The recent pandemic has caused changes to our lives in multiple ways, some only for the short term hopefully, but surely some aspects of our lives will change for the long term. For instance, in the short term, grocery shopping has become a major inconvenience, and for some, it is a minor inconvenience not knowing when your next haircut is going to be. In the long term, employment patterns will be altered greatly as social distancing and work from home might become the norm. For many people, the execution of testamentary documents (i.e., a will or a revocable trust) during these times of social distancing has become a very immediate and practical concern.
Some clients already were in the process of preparing new, or amending existing, estate planning documents when the pandemic began spreading rapidly and the many resulting lockdown and shelter-in-place orders were issued by local and state governments. Other clients have been calling with an urgent desire to get documents prepared and signed quickly, either for a sick family member (whether or not infected by the coronavirus) or for themselves even though they are not currently sick. But the practicalities of quarantines, isolations, social distancing, and travel restrictions have made the traditional signing ceremony a logistical challenge.
Traditionally, you would have many people together in a conference room for a signing ceremony: the client, and often the client’s spouse, two witnesses, a notary, and the lawyer who drafted the documents, so usually a minimum of six people. If you are willing to forego the certainty provided by a self-proving affidavit, you could eliminate the notary and hope that no one challenges the will’s execution during probate, which would require an affidavit or testimony from the witnesses to prove the valid execution of the will. Further, Florida law recently has allowed for remote online notarization procedures, so if you do use a notary for the self-proving affidavit, the notary does not have to be present in the same room with the testatrix and the witnesses. And starting July 1, Florida law allows for electronic wills where the testatrix and the witnesses can appear remotely and each sign counterparts, which are validated independently by the remote notary if you chose to also include the self-proving affidavit. Accordingly, the notary can be eliminated from the room if you choose to forego the self-proving affidavit, and perhaps the lawyer, but until July 1 you still need three people together in each other’s physical presence between the signer and the two witnesses. Even if we used the boardroom, big enough for 18 people, to keep everyone at an acceptable distance, we must consider whether it is safe for the clients and witnesses to travel to the office and potentially be exposed in public places. Further, we must consider that viruses can survive on paper, and could be transmitted through handling the documents as they are passed around from the signer to the witnesses and back to the client. Hopefully, everyone will use his or her own pen and eliminate having to pass one around.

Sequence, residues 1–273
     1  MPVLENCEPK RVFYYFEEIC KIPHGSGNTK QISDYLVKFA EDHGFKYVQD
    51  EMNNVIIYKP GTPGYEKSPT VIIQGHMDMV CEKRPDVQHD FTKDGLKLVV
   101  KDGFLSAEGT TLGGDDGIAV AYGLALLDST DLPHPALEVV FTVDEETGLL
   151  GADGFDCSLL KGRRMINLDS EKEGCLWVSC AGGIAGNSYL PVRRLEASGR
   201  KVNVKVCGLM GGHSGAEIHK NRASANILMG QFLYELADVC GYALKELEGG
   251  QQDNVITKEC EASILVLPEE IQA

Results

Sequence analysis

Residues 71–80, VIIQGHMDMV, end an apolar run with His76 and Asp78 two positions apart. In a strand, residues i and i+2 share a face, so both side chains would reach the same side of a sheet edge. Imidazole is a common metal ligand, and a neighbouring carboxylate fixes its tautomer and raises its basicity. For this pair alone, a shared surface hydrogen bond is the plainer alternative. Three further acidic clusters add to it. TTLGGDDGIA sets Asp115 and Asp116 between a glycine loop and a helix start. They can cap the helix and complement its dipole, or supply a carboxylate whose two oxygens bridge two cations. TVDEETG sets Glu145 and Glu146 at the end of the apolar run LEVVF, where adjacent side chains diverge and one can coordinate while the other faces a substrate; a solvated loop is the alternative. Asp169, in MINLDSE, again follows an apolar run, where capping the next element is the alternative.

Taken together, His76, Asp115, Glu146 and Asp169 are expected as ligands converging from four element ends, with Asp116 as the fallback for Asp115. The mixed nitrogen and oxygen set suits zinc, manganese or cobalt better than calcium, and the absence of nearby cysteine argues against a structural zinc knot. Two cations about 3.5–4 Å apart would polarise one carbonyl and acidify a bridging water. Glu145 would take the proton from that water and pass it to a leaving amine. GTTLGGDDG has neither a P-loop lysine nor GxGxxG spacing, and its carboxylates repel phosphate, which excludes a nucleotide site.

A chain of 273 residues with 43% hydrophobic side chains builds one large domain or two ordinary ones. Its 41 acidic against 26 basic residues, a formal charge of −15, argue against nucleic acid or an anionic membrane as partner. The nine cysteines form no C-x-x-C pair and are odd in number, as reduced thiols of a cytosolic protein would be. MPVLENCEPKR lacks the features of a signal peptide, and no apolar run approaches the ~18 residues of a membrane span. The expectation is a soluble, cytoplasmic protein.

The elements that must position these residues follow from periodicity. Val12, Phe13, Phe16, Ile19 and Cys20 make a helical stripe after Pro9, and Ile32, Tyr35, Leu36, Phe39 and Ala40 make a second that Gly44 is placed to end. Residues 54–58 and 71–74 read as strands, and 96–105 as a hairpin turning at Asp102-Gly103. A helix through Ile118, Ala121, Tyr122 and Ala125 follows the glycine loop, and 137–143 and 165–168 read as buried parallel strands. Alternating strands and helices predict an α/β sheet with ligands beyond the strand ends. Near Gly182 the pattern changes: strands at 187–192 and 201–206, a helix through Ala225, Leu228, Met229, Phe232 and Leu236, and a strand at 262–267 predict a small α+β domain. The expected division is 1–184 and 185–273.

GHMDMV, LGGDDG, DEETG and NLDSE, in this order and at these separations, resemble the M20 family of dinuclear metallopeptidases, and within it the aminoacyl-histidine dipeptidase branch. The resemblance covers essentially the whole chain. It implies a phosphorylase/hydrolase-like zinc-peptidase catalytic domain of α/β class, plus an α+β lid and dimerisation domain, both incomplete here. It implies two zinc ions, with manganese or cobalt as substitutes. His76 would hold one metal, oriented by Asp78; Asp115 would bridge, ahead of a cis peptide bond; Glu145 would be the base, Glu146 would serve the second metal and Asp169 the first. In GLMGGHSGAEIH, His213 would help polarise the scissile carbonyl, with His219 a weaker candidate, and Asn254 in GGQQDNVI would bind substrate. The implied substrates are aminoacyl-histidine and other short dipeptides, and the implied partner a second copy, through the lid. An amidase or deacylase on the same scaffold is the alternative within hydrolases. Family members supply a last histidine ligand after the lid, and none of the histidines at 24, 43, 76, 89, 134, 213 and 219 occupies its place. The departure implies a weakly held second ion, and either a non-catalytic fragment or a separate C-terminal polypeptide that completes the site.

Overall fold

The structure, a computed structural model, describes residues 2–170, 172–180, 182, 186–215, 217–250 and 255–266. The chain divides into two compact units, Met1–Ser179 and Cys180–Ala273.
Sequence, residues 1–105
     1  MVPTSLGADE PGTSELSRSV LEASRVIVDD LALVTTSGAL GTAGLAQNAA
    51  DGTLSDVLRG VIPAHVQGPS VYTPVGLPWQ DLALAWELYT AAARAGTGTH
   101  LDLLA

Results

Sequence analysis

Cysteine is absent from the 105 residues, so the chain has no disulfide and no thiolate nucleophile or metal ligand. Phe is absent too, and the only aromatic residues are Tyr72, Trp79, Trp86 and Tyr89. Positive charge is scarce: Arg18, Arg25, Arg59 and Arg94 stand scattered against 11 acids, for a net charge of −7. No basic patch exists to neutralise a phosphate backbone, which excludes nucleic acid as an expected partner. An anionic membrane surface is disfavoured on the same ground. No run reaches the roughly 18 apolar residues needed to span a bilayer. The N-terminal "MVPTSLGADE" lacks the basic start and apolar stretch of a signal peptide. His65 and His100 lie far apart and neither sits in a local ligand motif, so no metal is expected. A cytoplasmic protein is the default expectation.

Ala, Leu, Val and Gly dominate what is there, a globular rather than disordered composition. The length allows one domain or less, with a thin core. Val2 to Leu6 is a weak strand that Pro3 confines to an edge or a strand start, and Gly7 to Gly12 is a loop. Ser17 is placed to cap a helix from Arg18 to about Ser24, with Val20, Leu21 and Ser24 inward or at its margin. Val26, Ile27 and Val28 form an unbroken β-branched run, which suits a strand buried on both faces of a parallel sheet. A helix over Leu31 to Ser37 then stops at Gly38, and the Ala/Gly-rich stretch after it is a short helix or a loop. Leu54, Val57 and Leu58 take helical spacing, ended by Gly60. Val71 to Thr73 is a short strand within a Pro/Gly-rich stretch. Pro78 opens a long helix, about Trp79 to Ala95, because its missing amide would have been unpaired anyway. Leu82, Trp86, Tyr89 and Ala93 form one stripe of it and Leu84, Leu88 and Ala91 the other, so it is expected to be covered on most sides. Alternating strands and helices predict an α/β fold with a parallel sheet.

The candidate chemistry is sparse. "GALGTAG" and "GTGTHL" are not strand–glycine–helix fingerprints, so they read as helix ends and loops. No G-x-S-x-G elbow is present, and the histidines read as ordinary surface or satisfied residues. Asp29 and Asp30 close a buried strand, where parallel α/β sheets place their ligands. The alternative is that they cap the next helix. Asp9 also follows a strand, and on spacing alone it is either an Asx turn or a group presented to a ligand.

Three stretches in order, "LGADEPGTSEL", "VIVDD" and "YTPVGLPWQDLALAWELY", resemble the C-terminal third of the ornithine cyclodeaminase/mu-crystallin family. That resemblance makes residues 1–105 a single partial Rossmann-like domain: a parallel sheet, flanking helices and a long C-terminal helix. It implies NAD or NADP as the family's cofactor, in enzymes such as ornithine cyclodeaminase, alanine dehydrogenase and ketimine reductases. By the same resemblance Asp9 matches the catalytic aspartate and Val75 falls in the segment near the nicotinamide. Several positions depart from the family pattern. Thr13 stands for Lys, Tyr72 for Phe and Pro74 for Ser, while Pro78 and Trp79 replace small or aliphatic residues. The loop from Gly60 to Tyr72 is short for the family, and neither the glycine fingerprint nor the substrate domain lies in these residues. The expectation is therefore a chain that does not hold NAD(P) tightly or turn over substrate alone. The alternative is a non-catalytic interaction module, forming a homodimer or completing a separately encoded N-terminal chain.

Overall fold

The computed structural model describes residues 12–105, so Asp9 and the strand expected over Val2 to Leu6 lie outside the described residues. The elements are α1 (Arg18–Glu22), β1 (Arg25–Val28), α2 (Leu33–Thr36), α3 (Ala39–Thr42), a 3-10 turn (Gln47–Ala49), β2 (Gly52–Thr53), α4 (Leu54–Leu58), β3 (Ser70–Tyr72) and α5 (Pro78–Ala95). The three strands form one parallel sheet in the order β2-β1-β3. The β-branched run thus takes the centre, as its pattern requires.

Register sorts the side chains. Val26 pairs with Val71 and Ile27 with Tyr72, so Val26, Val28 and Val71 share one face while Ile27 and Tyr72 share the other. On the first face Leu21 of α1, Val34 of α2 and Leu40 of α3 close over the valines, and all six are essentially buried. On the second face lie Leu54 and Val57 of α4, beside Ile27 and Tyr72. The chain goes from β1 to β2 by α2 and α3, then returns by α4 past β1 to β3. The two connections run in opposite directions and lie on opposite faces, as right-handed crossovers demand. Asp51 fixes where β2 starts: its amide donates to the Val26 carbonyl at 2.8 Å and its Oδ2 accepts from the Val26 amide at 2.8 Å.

But what if the signer is infected and must be isolated? Assuming there are no issues with the signer’s capacity, how can the witnesses be in the same room safely with the signer? Would courts accept the witnesses being behind a secure, see-through partition in the signer’s room or just outside the room, or perhaps outside the signer’s window? The ability to complete electronic wills starting July 1 should eliminate the need for in-person signing ceremonies through videoconferencing services such as Skype, WhatsApp, or Zoom. Accordingly, until the statutory changes allowing for remote witnessing become effective on July 1, lawyers must take great care during these challenging times when helping clients execute testamentary documents safely, and in accordance with current Florida law requiring that at least the signer and two witnesses be in the same room together.